It’s been months, plural, since I’ve updated this blog. I do apologize and highly appreciate those of you still reading. First there was far too much fun in South Korea with the Ultimate Couchsurfing Loft & the awesome Korean friends, meeting an amazing Korean girl named Yeona (who I think will be the fourth life-long friend I have made travelling) and adventuring around Jeju-do & Seoul, and hanging out with the magical fellow couchsurfing girl, Michelle. More on Korea later.
Then there’s been Vietnam and a broken laptop. Saigon, Phu Quoc, Hoi An, Phong Nha, Ninh Binh, and now I am in Hanoi. And Hanoi is…new friends over street food, hidden cafes with family shrines, too much beer, dodging motorbikes and motorbike taxis, being teased by Canadians and Austrialians and Brits about the fact that I’m American. Hanoi is sweltering heat and being ripped off by street vendors. Hanoi is meeting new friends over bia hoi. Hanoi is being taught Vietnamese. Hanoi is laughter and flirting and two kisses on each cheek as a greeting (why the hell haven’t Americans stolen this from Europeans and antipodeans already? It’s pretty much the most charming thing ever and I love it more every time it happens). Hanoi is power outages and contemplating telling people I am from Iceland. Hanoi is almost one month in Vietnam, and realizing that I don’t understand the first damn thing about this country at all. Hanoi is being told once again that I need to write a book. Hanoi is also, fortuanately for yours truly, staying in a party hostel and picking up three new excellent books for free from the bookshelf. Hanoi is meeting South African-Australians in the hallway at 2.45am and discussing life plans and literature. Hanoi is dragging an Australian to a reggae bar out in the middle of god knows where via motorbike on the recommendation of a cool Canadian expat met over beers on the street. Hanoi is sitting and chatting with an English club that managed to snag me, teaching them American slang and idioms and rude phrases, and thoroughly enjoying myself.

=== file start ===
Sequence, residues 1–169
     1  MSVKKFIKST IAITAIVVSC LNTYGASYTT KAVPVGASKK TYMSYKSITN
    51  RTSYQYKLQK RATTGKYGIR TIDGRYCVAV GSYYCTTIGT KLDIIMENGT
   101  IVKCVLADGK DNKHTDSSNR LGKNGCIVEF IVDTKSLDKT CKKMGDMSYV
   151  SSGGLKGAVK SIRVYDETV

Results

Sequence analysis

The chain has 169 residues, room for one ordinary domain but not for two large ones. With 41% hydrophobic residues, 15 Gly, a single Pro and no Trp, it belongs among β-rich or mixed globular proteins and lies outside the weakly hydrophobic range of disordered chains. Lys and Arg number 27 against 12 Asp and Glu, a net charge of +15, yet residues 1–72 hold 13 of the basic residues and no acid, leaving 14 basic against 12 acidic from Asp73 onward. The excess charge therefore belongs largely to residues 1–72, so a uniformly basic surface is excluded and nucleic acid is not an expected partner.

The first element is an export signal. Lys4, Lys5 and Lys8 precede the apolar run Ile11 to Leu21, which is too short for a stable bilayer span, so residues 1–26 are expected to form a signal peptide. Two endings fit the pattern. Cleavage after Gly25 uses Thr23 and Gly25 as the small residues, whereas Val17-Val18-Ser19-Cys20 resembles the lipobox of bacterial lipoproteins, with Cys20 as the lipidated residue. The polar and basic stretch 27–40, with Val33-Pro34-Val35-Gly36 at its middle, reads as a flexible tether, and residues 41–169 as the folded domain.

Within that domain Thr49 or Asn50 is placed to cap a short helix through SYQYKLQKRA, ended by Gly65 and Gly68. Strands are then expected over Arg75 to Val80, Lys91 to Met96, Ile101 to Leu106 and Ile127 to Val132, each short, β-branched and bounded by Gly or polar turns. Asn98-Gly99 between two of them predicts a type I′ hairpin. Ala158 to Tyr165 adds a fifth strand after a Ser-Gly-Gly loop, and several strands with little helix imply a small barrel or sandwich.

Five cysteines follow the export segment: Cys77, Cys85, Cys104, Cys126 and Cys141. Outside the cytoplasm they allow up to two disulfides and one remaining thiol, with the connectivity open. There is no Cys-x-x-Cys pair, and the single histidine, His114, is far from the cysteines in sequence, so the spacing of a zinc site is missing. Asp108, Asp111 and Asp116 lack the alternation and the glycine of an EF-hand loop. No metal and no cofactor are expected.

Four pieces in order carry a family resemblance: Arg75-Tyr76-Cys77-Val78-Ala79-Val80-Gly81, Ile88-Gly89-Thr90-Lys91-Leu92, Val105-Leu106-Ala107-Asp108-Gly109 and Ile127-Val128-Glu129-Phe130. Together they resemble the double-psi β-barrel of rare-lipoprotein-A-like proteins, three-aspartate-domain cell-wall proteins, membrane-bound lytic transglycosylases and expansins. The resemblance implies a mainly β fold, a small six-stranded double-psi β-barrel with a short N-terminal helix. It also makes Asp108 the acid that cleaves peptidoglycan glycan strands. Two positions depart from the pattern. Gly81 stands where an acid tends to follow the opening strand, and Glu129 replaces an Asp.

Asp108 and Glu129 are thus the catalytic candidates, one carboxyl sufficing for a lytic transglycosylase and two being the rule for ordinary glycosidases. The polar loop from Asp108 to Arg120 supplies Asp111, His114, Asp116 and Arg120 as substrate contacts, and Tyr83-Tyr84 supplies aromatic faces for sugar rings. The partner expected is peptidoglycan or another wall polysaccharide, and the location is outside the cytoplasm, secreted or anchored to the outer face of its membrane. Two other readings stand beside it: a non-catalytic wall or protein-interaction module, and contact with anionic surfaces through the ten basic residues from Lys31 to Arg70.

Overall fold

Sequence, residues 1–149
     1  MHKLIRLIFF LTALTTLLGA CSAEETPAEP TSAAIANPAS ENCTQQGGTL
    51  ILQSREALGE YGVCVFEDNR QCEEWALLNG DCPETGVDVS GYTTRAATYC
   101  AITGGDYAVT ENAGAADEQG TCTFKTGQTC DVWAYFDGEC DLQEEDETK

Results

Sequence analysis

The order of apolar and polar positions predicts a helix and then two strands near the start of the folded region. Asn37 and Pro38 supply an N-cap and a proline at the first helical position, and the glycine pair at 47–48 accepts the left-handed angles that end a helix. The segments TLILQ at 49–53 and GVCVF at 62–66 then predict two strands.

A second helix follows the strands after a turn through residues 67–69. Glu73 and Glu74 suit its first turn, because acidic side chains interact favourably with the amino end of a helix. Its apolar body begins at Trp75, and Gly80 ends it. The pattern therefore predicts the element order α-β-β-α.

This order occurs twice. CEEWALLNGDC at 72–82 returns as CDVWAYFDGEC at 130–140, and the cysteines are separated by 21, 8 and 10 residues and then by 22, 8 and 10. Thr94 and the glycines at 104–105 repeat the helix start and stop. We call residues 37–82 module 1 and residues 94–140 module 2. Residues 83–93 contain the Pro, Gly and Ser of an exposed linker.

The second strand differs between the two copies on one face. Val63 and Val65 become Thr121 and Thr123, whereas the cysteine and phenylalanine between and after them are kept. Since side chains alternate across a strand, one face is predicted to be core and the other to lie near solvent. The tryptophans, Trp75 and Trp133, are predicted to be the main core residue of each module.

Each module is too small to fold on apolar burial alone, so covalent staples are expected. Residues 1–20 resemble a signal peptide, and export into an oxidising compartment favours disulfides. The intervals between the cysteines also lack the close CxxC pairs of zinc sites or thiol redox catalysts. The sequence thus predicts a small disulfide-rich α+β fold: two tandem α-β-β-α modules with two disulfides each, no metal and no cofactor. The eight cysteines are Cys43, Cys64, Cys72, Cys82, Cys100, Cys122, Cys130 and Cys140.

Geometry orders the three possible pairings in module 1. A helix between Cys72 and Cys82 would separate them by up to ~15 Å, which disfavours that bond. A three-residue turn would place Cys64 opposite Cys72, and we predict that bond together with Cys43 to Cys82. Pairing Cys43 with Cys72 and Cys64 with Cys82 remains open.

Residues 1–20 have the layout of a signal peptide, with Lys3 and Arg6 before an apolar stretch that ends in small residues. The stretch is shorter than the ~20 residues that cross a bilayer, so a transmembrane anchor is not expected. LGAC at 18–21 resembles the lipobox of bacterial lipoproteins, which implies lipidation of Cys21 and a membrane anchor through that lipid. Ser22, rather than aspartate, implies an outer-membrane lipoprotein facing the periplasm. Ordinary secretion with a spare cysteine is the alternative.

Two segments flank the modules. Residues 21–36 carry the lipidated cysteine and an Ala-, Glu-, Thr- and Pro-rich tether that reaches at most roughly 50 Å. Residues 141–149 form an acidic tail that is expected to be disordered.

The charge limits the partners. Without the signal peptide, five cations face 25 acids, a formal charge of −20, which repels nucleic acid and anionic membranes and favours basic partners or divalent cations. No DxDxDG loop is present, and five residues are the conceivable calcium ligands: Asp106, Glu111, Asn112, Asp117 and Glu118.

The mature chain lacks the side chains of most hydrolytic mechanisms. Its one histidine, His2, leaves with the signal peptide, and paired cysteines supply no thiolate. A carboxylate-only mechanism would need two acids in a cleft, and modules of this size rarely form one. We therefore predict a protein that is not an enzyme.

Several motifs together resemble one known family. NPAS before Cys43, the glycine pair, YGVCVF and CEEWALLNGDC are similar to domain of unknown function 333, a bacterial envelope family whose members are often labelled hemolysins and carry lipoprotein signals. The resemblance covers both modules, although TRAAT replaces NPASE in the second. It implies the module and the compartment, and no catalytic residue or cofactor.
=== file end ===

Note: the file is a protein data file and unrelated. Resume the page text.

As for Vietnam, well, Vietnam is having my palm read and my fortunes told, Vietnam is the most beautiful country I’ve been to since Ireland.
Vietnam leaves me wanting more and knowing that I will only understand a tiny fraction of this heartbreakingly beautiful country. Vietnam is both the toughest and the easiest place I’ve travelled so far. Vietnam is missing China – maybe that’s always, because I find myself talking about China all the time and seriously contemplating ditching Laos and heading up into Yunnan province – and missing amazing friends in China. Vietnam is almost buying a ticket home but meeting an awesome British friend and renting motorbikes and being mobbed by butterflies in a national park.
Vietnam is knowing with every fiber of my being that I would never trade this life for anything else, and knowing how incredibly blessed I am to have this chance to travel.